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Alice Zemljic-Harpf

San Diego Medical Center, USA

Title: Personalized medicine and statin side effects: Fact or fiction?

Biography

Alice E Zemljic-Harpf obtained her medical degree at the University of Graz, Austria, in 1997. She completed her postdoctoral training at the Cedars-Sinai Medical Center, Los Angels, and at the University of California, Los Angeles. In 2003 she moved to the University of California, San Diego. She currently holds a faculty level position in the Department of Anesthesiology, and Cardiac and Neuro Protection Laboratories, at the University of California, San Diego. Her research investigates molecular pathways leading to heart failure, with the ultimate goal to design novel approaches for the prevention and treatment of cardiac dysfunction.

Abstract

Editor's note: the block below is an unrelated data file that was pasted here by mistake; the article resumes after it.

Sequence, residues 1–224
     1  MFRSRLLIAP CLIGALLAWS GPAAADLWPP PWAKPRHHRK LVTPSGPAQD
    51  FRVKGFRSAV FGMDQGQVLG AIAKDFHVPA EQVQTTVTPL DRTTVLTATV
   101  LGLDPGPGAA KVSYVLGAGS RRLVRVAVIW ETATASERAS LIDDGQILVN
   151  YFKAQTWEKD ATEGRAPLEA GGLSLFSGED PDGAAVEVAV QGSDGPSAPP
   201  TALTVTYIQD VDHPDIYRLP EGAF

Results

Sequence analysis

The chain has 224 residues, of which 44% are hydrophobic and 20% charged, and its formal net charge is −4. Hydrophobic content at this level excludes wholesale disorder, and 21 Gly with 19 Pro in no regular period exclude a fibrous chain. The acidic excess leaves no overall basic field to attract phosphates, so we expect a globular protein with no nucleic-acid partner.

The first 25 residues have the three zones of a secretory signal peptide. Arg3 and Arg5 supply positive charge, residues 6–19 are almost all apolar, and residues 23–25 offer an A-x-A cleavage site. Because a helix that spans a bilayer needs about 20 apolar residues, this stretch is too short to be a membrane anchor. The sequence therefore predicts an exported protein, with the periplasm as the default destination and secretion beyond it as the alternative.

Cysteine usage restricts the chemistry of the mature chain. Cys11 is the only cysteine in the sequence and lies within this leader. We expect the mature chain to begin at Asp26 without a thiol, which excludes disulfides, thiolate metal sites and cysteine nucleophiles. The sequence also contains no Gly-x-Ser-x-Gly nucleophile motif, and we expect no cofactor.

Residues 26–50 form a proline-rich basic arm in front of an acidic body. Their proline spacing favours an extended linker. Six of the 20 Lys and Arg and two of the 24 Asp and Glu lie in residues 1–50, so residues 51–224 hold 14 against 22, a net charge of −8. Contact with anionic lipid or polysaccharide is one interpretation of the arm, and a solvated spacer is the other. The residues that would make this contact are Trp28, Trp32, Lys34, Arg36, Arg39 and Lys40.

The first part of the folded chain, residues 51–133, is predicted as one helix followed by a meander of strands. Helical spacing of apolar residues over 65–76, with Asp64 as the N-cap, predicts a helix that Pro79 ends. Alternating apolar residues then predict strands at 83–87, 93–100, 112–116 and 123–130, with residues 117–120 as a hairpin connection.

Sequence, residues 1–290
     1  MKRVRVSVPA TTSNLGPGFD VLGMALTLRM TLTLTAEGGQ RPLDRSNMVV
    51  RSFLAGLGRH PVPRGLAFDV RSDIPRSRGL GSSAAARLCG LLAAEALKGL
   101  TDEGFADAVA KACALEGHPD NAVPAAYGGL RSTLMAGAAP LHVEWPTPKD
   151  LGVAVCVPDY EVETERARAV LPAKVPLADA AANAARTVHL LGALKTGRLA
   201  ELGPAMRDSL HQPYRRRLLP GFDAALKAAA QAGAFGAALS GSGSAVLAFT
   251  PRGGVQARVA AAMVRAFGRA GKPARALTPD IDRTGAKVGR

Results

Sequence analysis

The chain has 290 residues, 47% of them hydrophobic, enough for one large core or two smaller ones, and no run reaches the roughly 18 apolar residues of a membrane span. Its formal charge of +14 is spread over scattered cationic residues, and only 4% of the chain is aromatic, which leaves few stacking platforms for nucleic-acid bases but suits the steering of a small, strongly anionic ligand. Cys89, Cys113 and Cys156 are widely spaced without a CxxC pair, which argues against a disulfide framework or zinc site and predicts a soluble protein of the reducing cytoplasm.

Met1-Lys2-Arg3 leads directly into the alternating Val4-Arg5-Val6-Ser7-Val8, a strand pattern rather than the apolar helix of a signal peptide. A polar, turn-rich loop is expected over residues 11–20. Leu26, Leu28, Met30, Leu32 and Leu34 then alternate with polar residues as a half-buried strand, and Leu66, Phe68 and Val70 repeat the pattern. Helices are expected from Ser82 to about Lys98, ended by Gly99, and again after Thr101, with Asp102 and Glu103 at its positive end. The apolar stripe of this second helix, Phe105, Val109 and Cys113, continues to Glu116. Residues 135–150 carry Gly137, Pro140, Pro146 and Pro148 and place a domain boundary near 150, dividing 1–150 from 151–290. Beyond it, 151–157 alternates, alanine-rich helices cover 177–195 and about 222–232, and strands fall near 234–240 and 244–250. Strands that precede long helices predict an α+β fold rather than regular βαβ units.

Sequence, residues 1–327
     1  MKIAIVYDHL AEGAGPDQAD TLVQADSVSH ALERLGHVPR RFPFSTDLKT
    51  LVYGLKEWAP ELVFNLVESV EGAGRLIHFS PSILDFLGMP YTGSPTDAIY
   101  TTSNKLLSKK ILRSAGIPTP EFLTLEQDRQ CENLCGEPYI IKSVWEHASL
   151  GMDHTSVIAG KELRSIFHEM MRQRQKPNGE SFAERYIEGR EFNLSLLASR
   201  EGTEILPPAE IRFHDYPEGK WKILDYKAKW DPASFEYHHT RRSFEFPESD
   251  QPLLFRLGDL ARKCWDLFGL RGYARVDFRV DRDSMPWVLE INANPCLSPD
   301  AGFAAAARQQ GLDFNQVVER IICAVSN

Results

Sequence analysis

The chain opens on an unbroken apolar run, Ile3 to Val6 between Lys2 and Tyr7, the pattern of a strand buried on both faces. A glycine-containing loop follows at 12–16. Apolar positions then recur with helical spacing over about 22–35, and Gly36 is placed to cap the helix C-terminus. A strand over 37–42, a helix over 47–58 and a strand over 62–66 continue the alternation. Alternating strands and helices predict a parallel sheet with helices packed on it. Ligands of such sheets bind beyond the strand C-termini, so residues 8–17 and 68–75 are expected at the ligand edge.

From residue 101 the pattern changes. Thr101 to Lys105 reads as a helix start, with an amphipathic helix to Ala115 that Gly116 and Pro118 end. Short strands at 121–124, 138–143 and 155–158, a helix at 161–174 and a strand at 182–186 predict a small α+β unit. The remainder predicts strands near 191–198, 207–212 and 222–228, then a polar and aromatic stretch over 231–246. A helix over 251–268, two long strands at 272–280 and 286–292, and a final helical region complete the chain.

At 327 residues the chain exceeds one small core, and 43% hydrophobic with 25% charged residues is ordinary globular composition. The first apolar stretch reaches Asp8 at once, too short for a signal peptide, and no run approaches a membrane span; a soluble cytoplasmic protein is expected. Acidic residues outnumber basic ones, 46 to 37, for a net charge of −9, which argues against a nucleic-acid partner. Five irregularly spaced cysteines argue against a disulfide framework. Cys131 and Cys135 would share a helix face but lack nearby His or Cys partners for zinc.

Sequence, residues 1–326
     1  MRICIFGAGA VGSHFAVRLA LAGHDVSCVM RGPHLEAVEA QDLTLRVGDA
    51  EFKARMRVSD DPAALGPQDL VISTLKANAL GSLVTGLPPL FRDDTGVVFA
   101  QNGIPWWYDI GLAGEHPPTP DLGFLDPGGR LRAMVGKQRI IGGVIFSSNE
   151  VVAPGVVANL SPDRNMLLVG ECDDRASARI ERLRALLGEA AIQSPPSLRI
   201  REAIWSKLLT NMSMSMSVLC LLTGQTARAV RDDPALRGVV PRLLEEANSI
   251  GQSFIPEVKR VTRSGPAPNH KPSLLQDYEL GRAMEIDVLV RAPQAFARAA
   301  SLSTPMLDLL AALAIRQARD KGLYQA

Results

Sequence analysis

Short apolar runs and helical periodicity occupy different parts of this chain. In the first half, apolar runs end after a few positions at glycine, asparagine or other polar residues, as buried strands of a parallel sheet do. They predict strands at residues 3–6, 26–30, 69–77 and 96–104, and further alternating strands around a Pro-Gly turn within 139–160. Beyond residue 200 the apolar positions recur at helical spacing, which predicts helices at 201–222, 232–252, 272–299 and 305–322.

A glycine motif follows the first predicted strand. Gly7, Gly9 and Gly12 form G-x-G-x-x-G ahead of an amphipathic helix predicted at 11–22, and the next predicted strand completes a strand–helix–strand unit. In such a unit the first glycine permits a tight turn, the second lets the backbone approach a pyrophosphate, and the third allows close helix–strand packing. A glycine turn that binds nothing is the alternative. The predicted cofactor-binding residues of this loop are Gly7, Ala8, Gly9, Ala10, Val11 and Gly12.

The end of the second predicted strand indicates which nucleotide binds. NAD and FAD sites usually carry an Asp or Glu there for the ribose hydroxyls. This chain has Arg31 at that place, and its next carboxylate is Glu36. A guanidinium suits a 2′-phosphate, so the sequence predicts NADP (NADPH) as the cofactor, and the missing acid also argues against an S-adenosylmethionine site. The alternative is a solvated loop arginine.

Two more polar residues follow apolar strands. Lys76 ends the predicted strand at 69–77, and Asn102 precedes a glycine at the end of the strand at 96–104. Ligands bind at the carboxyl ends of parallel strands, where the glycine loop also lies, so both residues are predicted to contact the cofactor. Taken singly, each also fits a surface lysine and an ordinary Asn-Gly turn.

Cardiovascular disease is the number one killer in the United States. Statins reduce low-density lipoprotein cholesterol (LDL-C) and decrease cardiovascular events. About 43 million Americans currently take statins, and the 2013 cardiovascular disease prevention guidelines will increase statin drug prescriptions for approximately 13 million more Americans. The FDA warns that statins may induce skeletal muscle side effects, cognitive changes and increase fasting glucose levels. Observational studies show that the incidence of skeletal muscle side effects has been underestimated in randomized trials and may affect up to 20% of patients taking statins. Some individuals are more susceptible to statin myopathy because of female gender, advanced age, drug-drug interactions or underlying genetic polymorphisms. Currently five lipophilic and two hydrophilic statins are on the market. Statin effects on cardiac muscle are currently unknown. Healthy mice received either the lipophilic atorvastatin or the hydrophilic pravastatin daily for seven months and were compared to vehicle treated animals. Atorvastatin and pravastatin reduced LDL-C compared to vehicle. Long-term atorvastatin treatment altered the ultrastructure of cardiac muscle in healthy mice, but pravastatin did not. Only atorvastatin administration increased the mortality of mice prone to heart failure, and repressed mitochondrial genes by genome-wide expression profiling. In cultured cardiac myocytes atorvastatin treatment down-regulated survival pathways, decreased RhoA activation, and induced apoptosis. Personalized medicine in CVD prevention should; 1) focus on lifestyle changes, 2) add investigation and documentation for possible statin-induced adverse effects, and 3) determine a treatment regimen that does not impair the patients quality of life during healthy aging.